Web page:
There are many types of groups from good morning ones to the ones selling us stuff we don’t need, to the entire company and govt departments communicating through WhatsApp.
Whatsapp has become a ubiquitous channel for communication.
And in that ocean of groups, there is a parent WhatsApp group where parents of a class usually get together. How do they do it remains a mystery for almost all schools because only a few schools actively facilitate one, but nevertheless within a week, a new parent is added.
Now, it has its benefits like sharing of homework, circulars that can’t be deciphered otherwise, if you have missed school, etc. it helps.
But very often those groups turn toxic. And as a parent, you can always believe that what i say hereafter is laden with prejudice but believe me, we have one of the healthiest parent communities. We rarely face problems with parents and they are more than supportive of most of our endeavours whether it is exams at home or PTMs in school during COVID. So, this message is not from ggis, but from an educationist who is observant of the society.
So what is it that I observe?
Let me start with the types of parents/conversations that usually take place
The toxic conversation – it is usually the negative things that are discussed the most. Things missed out or things not attended. How often do you see gratitude and thankfulness being circulated on a parent group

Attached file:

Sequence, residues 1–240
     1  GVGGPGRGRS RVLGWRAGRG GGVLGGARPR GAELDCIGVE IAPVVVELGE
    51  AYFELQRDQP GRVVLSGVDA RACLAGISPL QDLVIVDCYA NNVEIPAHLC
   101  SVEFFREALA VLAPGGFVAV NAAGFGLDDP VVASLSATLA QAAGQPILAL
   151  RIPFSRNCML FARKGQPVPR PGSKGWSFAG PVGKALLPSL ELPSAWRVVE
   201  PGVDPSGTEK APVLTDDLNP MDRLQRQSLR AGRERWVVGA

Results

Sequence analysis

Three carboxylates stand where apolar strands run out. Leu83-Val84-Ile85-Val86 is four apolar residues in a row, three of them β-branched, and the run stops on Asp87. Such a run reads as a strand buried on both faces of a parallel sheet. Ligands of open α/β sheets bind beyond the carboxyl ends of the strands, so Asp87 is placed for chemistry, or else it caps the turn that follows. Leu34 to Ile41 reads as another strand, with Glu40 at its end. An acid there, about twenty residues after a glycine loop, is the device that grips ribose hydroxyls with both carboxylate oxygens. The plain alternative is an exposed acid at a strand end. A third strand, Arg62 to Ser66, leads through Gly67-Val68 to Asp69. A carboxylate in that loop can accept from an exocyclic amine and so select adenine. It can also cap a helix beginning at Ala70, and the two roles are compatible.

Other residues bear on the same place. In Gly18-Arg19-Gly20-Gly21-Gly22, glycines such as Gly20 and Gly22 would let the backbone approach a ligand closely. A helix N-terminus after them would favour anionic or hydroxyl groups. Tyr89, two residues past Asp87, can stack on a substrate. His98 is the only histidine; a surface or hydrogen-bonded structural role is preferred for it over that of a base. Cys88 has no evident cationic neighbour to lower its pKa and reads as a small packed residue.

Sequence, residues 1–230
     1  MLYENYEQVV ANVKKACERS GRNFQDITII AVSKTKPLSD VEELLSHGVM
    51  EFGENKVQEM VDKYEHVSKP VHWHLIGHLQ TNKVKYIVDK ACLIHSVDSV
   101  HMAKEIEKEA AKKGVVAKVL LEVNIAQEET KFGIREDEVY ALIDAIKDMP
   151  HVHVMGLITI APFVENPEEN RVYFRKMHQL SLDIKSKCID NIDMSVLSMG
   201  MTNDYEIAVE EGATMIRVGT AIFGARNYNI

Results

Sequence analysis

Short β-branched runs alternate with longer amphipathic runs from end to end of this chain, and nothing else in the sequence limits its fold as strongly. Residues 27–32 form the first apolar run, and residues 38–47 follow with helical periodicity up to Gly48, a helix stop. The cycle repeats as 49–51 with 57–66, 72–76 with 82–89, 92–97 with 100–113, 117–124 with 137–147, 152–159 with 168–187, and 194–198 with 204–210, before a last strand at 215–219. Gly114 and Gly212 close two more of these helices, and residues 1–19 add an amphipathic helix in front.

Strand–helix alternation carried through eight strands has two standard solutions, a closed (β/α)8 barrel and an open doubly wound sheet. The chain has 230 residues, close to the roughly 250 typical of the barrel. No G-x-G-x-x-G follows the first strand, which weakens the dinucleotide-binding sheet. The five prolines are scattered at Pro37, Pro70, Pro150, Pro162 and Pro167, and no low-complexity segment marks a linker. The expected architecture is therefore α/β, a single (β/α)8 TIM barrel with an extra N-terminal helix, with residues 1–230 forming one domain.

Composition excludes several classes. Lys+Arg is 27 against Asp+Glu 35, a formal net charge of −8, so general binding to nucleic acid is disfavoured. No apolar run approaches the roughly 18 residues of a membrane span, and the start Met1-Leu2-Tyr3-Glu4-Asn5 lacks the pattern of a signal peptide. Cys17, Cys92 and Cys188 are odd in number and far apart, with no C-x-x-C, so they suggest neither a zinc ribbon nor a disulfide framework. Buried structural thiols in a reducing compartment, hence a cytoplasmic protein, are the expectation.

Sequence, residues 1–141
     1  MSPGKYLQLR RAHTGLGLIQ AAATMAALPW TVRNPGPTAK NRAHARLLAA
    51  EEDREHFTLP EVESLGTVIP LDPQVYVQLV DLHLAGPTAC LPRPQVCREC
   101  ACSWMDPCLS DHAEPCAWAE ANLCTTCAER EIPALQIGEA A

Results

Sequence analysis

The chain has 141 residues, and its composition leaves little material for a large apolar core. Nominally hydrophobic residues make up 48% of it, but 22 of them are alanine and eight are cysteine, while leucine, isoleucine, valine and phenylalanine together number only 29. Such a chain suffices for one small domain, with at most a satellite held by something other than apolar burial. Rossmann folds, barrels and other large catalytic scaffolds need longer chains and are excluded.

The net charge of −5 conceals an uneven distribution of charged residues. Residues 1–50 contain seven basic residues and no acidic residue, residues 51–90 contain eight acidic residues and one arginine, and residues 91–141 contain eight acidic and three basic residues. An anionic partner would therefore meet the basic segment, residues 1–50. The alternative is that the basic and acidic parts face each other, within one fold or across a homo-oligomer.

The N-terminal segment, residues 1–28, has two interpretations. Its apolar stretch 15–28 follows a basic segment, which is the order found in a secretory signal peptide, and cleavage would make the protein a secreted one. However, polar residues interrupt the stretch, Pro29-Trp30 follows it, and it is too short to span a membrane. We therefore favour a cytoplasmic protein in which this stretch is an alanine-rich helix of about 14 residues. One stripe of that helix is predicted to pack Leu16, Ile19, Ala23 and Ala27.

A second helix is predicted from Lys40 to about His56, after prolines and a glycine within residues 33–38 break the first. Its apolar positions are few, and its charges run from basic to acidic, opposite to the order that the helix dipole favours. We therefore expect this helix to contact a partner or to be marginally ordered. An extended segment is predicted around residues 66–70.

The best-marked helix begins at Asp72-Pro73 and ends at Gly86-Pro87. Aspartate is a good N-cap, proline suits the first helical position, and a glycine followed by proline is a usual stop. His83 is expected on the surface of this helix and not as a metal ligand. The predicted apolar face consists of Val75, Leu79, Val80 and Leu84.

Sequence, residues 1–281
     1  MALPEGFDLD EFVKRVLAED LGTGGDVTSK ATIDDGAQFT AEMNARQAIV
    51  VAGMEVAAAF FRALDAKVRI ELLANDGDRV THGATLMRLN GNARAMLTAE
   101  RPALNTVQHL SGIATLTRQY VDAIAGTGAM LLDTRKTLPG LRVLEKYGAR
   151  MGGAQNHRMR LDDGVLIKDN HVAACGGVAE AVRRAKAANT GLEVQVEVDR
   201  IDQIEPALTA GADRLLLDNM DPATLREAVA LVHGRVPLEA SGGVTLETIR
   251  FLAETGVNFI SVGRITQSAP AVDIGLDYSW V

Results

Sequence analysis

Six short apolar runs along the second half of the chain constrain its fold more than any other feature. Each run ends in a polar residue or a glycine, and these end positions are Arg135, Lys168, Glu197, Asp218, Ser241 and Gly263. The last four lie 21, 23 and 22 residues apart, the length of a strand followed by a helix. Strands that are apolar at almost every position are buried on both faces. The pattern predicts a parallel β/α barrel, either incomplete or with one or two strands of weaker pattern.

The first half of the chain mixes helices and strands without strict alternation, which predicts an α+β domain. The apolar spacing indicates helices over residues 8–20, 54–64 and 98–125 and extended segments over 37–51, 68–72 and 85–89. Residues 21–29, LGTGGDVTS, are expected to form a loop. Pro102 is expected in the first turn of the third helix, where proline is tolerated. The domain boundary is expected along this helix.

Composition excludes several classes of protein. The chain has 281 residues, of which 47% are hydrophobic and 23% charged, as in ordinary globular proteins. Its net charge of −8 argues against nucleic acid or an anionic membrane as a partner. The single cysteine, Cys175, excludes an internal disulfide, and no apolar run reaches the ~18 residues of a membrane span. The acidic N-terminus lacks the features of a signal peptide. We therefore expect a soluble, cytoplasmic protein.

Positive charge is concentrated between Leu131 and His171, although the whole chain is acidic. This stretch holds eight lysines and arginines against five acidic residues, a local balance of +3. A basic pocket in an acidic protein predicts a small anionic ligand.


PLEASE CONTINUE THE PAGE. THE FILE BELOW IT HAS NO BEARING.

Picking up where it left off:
I observe the belligerent and heavy-handed parent leading the conversation – usually, the outspoken one will talk and others will listen and even if they don’t totally agree, whether it is about the teacher not meeting her expectations or the school bus being late. The loudest voice becomes the voice of the group. But is the loudest voice the honest one? Is it the right path?
I also observe a lot of showing off and Dekha dekhi…. If one’s child has won an award or been appreciated by the school it is definitely posted as a badge of honour and nothing wrong with it. But if it keeps repeating itself, it breeds jealousy. And let us not even talk about the average child who becomes the victim of parents unmet expectations every time she sees someone else’s child achieving something.
Lastly, I observe student’s choices being affected by the conversation on the WhatsApp group. Our children are far more perceptive than we give them credit for. And they definitely have access to our groups and chats just the way they know our passcodes. When we belittle a teacher or the bus driver, we knowingly or unknowingly pass our impressions on them. Next time, they see the school, teacher and the adult with the same lens. But we forget that in our own school lives, we did not have all the good teachers only. We learnt to deal with a variety of people because our parents let us do it.
So what kind of Parent WhatsApp groups are you a part of? And what is your role? Have the groups caused anxiety in you? Has it been a bedrock of support? Have you seen your children get affected by it? Have you been a teacher who is also a parent and see both sides of the story?
Do share your views…
Take all discussions with a pinch of salt. Remember, there is always a different side to the story, teh side of the teacher, driver or the maid. Exercise discretion. Think before forming judgements.
If you disagree, speak up. You don’t have to justify your stand and neither do you have to wage a war but you should be able to say you disagree. And if that is not accepted in the group, think about why you are in the group.
Pick your concerns carefully. Not everything demands your attention. Your child’s future is not going to be affected because you missed out on a test or one of the teachers is not great. Don’t let others’ negativity become your reality.